How to Store Batteries – Keeping it Safe!

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You can keep your gadgets, children’s toys, small home appliances, power tools, and vehicles running smoothly with a well-stored supply of batteries.

Hell-bent on organizing everything at home but have no idea about battery storage practices?

How to store batteries? To store common household batteries, keep them at room temperature in their original packaging. Keep rechargeable batteries with the required minimum amount of charge to maintain battery life. Slightly used batteries should be sorted according to make, age, and polar direction. To keep vehicle batteries in good condition and to prolong their shelf life, use them regularly.

What is the best place to store batteries?

The best place to store batteries is in their original packaging for a reminder of which ones are not yet used.

Keep them at room temperature or in a slightly cooler but dry environment.

Store them in containers that do not conduct electricity, such as plastic bags, cardboard boxes, or rigid plastic boxes.

Things to Consider When Storing Batteries

Batteries come in many sizes, shapes, and applications. It can be very beneficial if you had a supply of different kinds for every time you need them.

To maintain intended battery life, follow these considerations:

Original Manufacturer Packaging

Keeping disposable household batteries in their original, manufacturer-supplied packaging is good practice.

It does not only protect the batteries from humidity but also tells you which batteries are used or brand new.

Also, the packaging ensures that opposite battery terminals or poles do not get in contact with one another and that they do not touch metal objects.

Proper Sorting

You may have several slightly-used and rechargeable batteries. Start proper storage by sorting them based on brand and production date.

Do not combine new and used batteries, and avoid storing different brands and types together.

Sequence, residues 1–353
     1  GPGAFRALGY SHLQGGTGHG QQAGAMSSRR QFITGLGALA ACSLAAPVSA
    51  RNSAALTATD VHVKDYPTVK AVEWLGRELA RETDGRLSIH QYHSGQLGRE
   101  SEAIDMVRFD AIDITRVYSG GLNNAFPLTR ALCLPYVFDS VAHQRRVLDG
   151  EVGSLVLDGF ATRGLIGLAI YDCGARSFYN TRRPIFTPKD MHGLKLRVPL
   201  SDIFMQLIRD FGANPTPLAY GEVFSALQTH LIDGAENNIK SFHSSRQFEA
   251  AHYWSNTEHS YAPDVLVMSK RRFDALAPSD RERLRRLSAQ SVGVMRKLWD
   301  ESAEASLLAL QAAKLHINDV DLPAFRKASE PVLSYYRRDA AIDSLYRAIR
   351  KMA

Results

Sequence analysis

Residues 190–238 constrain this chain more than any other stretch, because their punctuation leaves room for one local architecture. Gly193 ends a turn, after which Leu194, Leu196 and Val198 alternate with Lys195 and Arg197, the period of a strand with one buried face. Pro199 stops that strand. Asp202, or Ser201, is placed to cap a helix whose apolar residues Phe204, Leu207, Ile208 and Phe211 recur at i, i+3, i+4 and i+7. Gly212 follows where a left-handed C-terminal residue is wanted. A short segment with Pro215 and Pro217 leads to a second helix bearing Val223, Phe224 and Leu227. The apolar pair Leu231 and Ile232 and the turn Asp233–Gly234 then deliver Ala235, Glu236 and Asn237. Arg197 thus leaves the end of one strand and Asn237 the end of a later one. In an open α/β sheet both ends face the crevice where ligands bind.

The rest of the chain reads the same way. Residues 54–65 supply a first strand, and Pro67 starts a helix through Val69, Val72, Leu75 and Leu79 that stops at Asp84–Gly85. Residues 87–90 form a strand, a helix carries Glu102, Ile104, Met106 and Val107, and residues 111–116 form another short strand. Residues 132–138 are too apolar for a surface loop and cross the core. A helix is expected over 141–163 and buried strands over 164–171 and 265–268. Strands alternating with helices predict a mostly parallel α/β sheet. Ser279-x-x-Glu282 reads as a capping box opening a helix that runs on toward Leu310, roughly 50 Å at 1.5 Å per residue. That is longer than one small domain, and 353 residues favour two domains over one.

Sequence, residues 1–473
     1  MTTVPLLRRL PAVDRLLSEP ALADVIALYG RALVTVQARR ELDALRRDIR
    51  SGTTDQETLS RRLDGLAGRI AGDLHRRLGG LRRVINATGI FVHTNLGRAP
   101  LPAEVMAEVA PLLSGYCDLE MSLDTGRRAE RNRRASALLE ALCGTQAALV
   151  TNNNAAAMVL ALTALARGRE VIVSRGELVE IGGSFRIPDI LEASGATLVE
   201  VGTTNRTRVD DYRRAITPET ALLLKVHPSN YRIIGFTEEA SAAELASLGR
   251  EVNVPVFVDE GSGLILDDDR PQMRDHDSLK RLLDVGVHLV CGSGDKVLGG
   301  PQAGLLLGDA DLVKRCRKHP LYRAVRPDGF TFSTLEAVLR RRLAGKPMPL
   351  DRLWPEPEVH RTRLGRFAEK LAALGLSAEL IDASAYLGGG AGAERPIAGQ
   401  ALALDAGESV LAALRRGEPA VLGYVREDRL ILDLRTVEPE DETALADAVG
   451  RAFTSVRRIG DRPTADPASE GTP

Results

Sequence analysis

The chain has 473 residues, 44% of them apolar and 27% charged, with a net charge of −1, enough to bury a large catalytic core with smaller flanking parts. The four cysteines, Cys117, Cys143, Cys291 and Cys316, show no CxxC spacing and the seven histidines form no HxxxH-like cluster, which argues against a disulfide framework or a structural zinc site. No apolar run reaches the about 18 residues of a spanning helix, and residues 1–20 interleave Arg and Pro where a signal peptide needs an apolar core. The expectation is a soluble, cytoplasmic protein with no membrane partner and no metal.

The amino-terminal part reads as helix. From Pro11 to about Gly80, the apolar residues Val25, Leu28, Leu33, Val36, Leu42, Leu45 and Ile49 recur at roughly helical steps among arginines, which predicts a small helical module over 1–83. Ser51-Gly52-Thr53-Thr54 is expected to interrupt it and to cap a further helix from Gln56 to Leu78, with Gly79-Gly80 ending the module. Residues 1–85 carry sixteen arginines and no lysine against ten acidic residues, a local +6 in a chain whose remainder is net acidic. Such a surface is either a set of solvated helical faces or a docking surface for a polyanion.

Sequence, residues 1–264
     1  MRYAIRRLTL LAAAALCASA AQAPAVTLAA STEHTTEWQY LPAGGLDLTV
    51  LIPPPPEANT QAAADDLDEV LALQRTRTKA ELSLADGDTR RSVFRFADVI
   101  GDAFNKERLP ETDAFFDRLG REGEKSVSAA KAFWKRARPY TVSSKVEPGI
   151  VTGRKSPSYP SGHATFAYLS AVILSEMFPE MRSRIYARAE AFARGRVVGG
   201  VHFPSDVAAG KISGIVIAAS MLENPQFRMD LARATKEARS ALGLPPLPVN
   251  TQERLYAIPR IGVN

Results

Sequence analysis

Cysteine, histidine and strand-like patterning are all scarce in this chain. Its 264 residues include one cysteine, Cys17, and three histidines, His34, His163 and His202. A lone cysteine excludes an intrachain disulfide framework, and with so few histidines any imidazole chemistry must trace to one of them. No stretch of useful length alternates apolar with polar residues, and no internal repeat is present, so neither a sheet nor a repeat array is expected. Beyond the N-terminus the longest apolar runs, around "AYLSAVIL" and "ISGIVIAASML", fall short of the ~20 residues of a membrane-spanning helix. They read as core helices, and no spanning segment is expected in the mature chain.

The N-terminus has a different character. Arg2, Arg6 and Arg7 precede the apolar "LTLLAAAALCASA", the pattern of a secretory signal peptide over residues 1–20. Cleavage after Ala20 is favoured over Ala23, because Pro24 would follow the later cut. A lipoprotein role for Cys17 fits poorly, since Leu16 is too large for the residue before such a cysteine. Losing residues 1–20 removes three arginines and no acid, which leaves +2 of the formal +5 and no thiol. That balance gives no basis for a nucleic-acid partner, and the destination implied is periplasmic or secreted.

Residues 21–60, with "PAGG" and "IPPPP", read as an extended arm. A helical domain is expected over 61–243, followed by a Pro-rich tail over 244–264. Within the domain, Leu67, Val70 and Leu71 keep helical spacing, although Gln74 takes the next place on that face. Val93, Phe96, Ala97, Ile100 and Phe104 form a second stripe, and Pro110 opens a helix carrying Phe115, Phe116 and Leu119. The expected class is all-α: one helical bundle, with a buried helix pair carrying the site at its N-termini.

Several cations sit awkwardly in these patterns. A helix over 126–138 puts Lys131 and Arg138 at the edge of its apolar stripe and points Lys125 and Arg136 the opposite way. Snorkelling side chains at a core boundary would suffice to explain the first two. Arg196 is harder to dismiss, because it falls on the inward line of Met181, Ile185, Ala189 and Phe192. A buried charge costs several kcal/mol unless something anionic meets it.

Store cell batteries separately.

Different types and brands of batteries stored together can start chemical reactions that cause leaks, corrosion, and permanent damage.

If you prefer to have one container for all battery types, keep each type in its own smaller container for storage in the big container.

Enough Charge for Rechargeable Batteries

Maintain an ideal level of charge in every rechargeable battery. Rechargeable batteries can be lead-acid, lithium-ion, or nickel-based.

Lead-acid rechargeable batteries should be stored with a full charge to prevent sulfation, which causes its full capacity to diminish.

Lithium ion batteries require at least a 40 percent charge for proper storage. However, if you won’t be able to use it for an extended period of time, charge to full instead.

Nickel-based batteries are the best choice for rechargeable batteries. Although they are much more expensive, they can be stored at any charge level.

Storage Temperature

First off, do not leave batteries under direct sunlight.

Batteries store well in a cool room with temperatures between 34 degrees and 60 degrees Fahrenheit.

If you can’t store them within the temperature range, seal them inside airtight containers and put them in the fridge.

Before using them, though, let them acclimatize at room temperature for at least 24 hours.

Unless you can’t ensure that the batteries won’t get wet, do not bother storing them in the fridge.